Total Eclipse Fly-In for All Ultralights

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The name Total Eclipse is somewhat unusual for a fly-in, but it seems befitting of an up-and-coming gathering of all types of ultralights (powered and otherwise) garnering attention at the Carroll County-Tolson Airport outside Carrollton, Ohio. "I wanted to get as many ultralights in the air as possible to 'totally eclipse the sun'," says fly-in organizer Mark Mathias about naming the fly-in, which he founded in '93. Mathias, who operates a chemical packaging company as his regular profession, says he started the Total Eclipse Fly-In because his family of non-flyers always picked non-aviation events to vacation at. He decided if he couldn't go to the big fly-ins to see the ultralights, he would start his own fly-in and get the ultralights to come to him.

Eight years later, the fly-in is still growing and attracting notice from the area media, with more than 100 ultralights expected to attend the 2001 version on the weekend of August 18 and 19. Mathias says he personally spends about $500 promoting the event each year, inviting ultralight manufacturers and distributors to attend and display their ultralights, as well as arranging for ultralight instructors to be on hand to offer introductory flight lessons to the general public and spectators. He also maintains and uses an extensive mailing list of ultralight pilots, sending out a flyer each year to potential attendees (call him to get on the list). Mathias does not charge ultralight companies for display space at the fly-in, a benefit that attracts ultralight manufacturers such as CGS Hawk manufacturer Chuck Slusarczyk of CGS Aviation in Broadview Heights, near Cleveland, Ohio.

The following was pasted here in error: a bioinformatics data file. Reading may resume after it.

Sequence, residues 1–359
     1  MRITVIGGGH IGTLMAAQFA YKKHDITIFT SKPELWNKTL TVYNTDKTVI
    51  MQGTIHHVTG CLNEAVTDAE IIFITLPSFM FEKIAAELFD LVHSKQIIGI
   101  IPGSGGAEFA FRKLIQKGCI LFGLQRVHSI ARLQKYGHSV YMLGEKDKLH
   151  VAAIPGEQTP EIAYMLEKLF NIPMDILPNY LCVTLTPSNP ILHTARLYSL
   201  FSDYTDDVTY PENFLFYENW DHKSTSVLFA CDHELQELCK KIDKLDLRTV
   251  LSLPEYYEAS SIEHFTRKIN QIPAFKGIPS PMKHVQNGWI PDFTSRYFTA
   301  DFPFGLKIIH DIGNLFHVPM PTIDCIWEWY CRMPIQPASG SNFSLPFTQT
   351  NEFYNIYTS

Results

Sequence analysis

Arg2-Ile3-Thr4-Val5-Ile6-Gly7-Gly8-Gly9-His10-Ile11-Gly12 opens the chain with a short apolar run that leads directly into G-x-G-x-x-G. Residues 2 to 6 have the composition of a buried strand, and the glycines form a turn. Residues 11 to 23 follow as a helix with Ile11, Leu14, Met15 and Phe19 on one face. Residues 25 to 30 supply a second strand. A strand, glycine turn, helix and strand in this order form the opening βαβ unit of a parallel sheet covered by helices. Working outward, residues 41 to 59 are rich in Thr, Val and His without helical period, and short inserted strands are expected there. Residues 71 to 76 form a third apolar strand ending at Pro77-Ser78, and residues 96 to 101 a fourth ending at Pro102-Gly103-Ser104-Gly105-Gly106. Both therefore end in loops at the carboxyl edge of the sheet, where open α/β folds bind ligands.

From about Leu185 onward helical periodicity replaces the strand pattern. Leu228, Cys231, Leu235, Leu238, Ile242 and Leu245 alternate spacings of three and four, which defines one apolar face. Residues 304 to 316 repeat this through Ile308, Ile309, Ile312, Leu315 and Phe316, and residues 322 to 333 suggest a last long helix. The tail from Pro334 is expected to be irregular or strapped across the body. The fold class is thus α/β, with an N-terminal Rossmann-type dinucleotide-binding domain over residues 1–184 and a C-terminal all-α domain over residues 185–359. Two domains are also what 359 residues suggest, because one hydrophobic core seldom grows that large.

"Chuck runs my ultralight contests," Mathias says, going on to explain that his fly-in does not offer any serious ultralight competition (the competition is not sanctioned by an ultralight organization, and offers no National Ranking Points to competitors), but rather Mathias prefers fun contests for pilots and spectators. Slusarczyk, an ultralight pioneer and one of ultralighting's most entertaining characters, also brings his guitar and harmonica, to sing and entertain when he's not spinning ultralight tales of the early days.

All types of ultralights ("all small flying vehicles" the flyer says) are welcome to attend and should be represented at the Total Eclipse Fly-In -- fixed-wing ultralights, trikes, powered parachutes, gyroplanes, hang gliders and helicopters -- according to the organizer. "The fly-in is open to the public," Mathias notes. "Everyone is welcome." Ultralight flight instructors will be available to give introductory flight lessons in ultralights, powered parachutes and gyroplanes, according to Mathias. This year, Mathias appears to be making a special effort to get more trikes to attend the fly-in.

Carroll County--Tolson Airport features parallel asphalt and grass runways (4,300-foot asphalt and 1,600-foot grass), an on-site fixed base operator (but no on-site ultralight dealer), an on-site aviation parts store, and an on-site restaurant. The restaurant, with their famous pies, attracts people from all over the region, according to Mathias. Accommodations include on-site camping, a motel 2 miles away, and a bed and breakfast nearby.

The Total Eclipse Fly-In is held every year on the third full weekend of August.

Info: Total Eclipse Fly-In, Mark Mathias, PO Box 145, Dept. UF, Gnadenhutten, OH 44629. Phone: (740) 922-2228 * Fax: (740) 922-9246 * e-mail: This e-mail address is being protected from spam bots, you need JavaScript enabled to view it .

Sandhill Cranes Successfully Return North

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Lishman and Ultralights Led Them South on Migration